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  • caldun09


Updated: Nov 22, 2020

Since I penned my piece entitled" Boithrin na Smaointe" I have been inundated with reminiscences from many members of RTAI Wicklow. I was given suggested titles for pieces I should write.Please keep the reminiscences coming.

Of all the reminiscences it was the school tours that evoked best memories. I beg your forbearance while I recall my first school tour 61 years ago.

When I look back on Edward Street primary school in Tralee, I have many happy memories. One in particular stands out and that was the school tour in fifth class.

A letter was sent out at the beginning of the year giving details of Confirmation and the school tour. The tour was in exalted company being given equal billing with the annual visit by his Lordship Bishop Moynihan to make us into the latest recruits to be soldiers of the Lord.

We had the date for our Dublin adventure and there was a direct exhortation to start saving immediately as we would need a lot of money for the tour. We were going to visit the city of Dublin to see the Zoological Gardens and all the animals and creatures contained therein.

We were gobsmacked that we were being endowed with such a privilege. We were left in no doubt by the principal that we were so privileged because we were being given the opportunity to go to Dublin. We were special.

We had lessons in Geography for a couple of months before the tour learning all the geography of every county that we were going to pass through. Then we had the test every week

Callaghan can you tell me all the counties we will pass through on the way to Dublin?

Casey can you give me all the main towns in Tipperary and Laois?

Sullivan can you tell me the main industries in Portlaoise?

O Connell. What mountains will we see on route to Dublin?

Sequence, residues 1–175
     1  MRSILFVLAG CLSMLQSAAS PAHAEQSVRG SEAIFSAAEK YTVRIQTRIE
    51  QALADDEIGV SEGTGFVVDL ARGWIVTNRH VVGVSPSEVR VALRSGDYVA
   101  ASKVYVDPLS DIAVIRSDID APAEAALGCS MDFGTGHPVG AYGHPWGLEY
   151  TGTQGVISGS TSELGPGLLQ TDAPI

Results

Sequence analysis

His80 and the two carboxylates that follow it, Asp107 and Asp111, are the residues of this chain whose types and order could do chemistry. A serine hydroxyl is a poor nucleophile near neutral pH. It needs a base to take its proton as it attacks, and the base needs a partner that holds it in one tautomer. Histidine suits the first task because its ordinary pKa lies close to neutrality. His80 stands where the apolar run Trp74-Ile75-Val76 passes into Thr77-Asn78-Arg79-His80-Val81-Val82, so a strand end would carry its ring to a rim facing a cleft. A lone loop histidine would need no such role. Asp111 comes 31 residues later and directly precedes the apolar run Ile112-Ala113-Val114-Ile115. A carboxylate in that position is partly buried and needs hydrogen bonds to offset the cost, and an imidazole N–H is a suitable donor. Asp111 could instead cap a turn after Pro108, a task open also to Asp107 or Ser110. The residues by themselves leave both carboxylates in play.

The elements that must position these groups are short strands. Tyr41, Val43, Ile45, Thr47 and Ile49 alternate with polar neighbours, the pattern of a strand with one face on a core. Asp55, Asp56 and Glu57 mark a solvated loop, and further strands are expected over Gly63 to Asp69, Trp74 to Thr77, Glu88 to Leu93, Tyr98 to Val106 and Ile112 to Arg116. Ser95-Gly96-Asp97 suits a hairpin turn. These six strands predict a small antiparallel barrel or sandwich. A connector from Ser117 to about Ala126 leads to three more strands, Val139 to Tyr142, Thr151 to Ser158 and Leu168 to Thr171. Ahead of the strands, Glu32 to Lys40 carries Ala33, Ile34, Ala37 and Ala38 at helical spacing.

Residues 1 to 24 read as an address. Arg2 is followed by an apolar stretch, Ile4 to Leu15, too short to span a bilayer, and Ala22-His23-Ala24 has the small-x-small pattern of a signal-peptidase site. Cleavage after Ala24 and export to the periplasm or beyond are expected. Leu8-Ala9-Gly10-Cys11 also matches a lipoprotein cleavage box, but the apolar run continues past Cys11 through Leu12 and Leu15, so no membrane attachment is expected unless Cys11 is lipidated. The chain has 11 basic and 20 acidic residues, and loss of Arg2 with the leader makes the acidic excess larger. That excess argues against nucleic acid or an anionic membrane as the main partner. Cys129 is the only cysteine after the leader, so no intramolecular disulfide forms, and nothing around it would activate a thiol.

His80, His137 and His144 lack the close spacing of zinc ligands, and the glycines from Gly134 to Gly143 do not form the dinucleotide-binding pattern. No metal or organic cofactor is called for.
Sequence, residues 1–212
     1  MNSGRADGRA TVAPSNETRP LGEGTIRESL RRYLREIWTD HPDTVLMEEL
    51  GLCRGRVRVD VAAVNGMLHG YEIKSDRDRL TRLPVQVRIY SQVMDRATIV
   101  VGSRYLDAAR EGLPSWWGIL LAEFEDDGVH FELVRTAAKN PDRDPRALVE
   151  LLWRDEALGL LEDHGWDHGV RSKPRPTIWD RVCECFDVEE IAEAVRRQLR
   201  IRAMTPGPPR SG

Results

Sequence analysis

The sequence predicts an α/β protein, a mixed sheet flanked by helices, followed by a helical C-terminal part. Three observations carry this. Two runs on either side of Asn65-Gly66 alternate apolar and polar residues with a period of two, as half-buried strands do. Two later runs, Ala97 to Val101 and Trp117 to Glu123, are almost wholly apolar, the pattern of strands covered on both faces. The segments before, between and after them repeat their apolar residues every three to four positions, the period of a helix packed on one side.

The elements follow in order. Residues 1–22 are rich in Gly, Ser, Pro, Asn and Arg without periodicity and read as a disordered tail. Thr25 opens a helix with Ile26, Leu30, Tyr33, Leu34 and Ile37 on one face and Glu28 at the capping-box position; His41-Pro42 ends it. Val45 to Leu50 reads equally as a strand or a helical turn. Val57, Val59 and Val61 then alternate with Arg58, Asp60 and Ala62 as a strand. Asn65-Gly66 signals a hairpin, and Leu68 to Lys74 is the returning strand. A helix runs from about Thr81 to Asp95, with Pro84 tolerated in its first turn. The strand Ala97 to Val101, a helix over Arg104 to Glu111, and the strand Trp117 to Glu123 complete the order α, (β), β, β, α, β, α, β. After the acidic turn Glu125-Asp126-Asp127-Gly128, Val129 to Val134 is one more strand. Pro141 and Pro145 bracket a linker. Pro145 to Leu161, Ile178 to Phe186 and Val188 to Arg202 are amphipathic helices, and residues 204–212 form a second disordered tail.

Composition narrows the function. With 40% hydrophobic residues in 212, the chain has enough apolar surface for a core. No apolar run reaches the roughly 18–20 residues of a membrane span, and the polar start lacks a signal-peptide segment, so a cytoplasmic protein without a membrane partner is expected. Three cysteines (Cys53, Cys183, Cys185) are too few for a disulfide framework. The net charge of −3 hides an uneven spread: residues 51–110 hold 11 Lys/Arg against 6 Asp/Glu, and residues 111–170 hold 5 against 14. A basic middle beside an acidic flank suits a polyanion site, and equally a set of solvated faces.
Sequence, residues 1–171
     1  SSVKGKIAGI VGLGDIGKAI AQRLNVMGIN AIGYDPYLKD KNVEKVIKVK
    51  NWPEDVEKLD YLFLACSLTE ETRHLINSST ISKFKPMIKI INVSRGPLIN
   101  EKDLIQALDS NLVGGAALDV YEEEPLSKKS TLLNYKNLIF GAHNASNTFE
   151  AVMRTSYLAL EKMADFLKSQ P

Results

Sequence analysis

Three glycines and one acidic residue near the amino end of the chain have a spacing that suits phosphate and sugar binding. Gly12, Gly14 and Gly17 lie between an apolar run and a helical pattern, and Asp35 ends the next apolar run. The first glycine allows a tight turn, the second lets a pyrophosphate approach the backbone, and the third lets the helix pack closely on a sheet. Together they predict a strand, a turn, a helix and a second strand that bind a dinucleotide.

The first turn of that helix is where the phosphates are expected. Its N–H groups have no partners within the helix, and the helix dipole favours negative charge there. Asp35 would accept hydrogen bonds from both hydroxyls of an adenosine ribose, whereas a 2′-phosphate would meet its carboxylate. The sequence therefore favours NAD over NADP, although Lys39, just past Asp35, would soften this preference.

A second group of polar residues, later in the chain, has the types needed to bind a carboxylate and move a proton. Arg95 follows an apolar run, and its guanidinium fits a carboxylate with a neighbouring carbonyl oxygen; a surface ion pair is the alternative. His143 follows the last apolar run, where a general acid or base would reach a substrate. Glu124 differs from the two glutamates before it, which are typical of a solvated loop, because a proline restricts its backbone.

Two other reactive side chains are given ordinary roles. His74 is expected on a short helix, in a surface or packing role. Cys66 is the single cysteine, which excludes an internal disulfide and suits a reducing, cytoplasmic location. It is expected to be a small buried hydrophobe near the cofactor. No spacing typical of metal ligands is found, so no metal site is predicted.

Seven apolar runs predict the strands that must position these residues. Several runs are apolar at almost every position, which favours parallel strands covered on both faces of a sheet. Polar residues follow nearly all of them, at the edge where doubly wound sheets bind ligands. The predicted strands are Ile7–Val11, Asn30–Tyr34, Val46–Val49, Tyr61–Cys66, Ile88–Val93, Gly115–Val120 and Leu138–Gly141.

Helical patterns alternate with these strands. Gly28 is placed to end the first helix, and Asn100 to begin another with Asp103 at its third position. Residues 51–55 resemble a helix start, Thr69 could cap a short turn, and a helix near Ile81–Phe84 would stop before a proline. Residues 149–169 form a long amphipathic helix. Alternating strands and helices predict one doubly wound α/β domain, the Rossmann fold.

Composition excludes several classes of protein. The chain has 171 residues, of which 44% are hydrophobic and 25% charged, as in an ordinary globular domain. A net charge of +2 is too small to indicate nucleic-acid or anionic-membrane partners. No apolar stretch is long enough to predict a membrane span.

For your homework draw a map of Ireland and show all the counties on the way to Dublin and mark in all the main towns, mountains and rivers.

We had a world map and we had to pin in elephants ,tigers, zebras, giraffes , kangaroos, snakes, hippos, rhinos, rattlers in the countries they were native to. In addition, we had to learn about all these animals, what they ate, where they slept etc.

Those were the days when an education tour was really an education tour. It was the culmination of a years class work.

And so the preparations continued until we got nearer the day and the advance planning moved up a gear.The military operation code named "Zoo"really kicked in when we were told what to bring in our rucksacks for Dublin.

Every child should be ullamh for all weather because Dublin was so far away. They would have different weather up there. We all had the Cota packed in our bags in case of inclement weather.We would need to bring something to eat and drink on the train as it would be a long time till we ate in Dublin at lunch time .We would also need some food and drink for the home journey.

No money was allowed as we would be paying for everything in advance. We were warned that we should take travel tablets if we were going to get sick. I just couldn’t understand this bit. I mean how would we know we would get sick when so few of us had ventured outside the sanctity of the hallowed boundaries of the Kingdom of Kerry.